Well, I don’t want to truly revamp myself because I am OK as-is. But changes are in the air so I’ve been thinking about new paths. It’s exciting, and a little scary too, of course.
I’ll be 59 in a couple of weeks. I can hardly believe it. It seems like I met Sandy a few months ago (it was 22 years) and all the adventures, joys, and tears have rocketed past. I got a Masters Degree in counseling in 1997, and that too seems like a moment gone by. Fourteen years at my beloved community mental heath center, and just yesterday I was the new kid.
|Wedding Day: I had something very important to tell my new husband, apparently.|
The past is full of ecstatic moments (buying our cottage, graduating from grad school, getting married, visiting the Parthenon, and the Empire State Building) and terribly sad ones (losing my dad and Sandy’s brother to cancer).
|My girl Nola. Being her cat-mom was a highlight of my life for 17 years.|
Now at the cusp of my seventh decade (ack!), it’s clear that whatever more I want to do, I best be getting to it. I am reducing my work hours, so that I can do more of . . . it’s not totally obvious! But it’s semi-retirement from the office only, not from living.
Things that are for sure staying in my next chapter are: my husband/best friend/partner in adventure, our beach apartment, sweetie cats, blogging, and mental health counseling in some form. I’m thinking about many other possibilities too, with these guidelines:
- Just because you’ve never done it, doesn’t mean you can’t do it now. I have never written a book, taken singing or drawing lessons, or been to South America. These are all on the table, why not?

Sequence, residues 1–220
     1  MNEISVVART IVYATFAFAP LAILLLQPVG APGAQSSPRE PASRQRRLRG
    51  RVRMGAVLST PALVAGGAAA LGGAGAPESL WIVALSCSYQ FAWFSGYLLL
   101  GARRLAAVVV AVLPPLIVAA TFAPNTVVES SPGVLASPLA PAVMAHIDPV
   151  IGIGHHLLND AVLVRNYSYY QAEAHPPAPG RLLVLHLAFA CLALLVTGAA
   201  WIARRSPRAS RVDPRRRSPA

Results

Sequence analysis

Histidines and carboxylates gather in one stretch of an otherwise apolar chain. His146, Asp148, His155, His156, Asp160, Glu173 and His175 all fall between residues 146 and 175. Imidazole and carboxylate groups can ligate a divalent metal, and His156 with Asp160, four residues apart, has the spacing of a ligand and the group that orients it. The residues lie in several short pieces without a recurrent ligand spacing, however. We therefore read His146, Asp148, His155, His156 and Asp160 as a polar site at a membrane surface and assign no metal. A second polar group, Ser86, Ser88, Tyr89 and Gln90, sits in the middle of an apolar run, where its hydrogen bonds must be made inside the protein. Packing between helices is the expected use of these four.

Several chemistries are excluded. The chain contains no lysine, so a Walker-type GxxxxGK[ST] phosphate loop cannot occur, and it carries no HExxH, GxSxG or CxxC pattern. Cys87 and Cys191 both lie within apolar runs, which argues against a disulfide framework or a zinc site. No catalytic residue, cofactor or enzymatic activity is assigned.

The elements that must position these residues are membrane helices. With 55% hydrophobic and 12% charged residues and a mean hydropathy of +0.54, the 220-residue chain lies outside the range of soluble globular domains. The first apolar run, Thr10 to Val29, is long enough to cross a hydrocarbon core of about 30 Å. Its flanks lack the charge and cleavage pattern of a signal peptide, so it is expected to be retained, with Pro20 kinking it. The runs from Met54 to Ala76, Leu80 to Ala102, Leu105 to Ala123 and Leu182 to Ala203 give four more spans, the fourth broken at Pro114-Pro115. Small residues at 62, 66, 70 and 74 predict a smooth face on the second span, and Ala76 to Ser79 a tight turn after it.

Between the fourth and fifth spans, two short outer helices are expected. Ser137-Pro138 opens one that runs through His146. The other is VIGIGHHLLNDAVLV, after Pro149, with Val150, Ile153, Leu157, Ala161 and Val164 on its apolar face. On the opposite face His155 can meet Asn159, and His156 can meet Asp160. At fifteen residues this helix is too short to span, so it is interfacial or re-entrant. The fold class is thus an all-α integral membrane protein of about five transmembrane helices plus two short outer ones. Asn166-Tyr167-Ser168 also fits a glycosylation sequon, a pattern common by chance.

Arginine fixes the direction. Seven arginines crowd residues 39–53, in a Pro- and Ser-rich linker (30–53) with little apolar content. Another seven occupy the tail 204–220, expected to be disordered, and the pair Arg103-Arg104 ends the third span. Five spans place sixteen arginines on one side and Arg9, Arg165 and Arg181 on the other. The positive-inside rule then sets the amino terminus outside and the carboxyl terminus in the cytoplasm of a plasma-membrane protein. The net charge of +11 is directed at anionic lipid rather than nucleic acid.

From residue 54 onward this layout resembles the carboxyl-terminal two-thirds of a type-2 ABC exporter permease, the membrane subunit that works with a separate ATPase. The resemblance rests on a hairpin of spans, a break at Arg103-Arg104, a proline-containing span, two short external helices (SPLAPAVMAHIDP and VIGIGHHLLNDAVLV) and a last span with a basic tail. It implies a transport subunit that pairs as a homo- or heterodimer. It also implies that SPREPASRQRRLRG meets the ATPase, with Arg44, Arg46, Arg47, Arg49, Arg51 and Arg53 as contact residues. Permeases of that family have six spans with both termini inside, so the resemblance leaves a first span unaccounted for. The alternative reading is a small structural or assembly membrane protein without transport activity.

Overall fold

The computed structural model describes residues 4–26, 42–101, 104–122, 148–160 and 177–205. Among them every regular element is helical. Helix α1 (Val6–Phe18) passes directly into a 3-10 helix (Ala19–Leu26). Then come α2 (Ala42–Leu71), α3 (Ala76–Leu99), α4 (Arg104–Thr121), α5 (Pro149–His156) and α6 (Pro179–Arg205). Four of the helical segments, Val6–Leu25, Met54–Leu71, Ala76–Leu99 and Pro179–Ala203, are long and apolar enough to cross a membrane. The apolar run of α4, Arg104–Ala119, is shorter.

- Stay true to your core values. I have to do things that resonate with my core beliefs. I could go to work for Planned Parenthood, but not a tobacco company. I could volunteer to help kids, animals, or trees, but not organized religion.
- All advice is not created equal. It’s important to choose your confidantes well. I talk about my ideas with positive, enthusiastic people, especially those who have taken some risks along their journey.
- Take a freaking chance (expletive usually included). My dad always encouraged my risk-taking, and one of his favorite sayings was, “What’s the worst that could happen?” Then he’d finish with “And if the worst happens, Dad will be here for you.” He’s not here now, but I feel him.
So far, I have applied to be a Red Cross Disaster Relief volunteer. I start orientation in a week, and I am charged up. This project fits my four guidelines perfectly. I’ll let you know how it evolves.
Any crossroads approaching for you? Entering a new field, moving to a new city, going back to or graduating from school? What do you do in retirement, if you are fortunate enough to be there, or what do you dream of doing?
Have an adventurous day, and stay fabulous,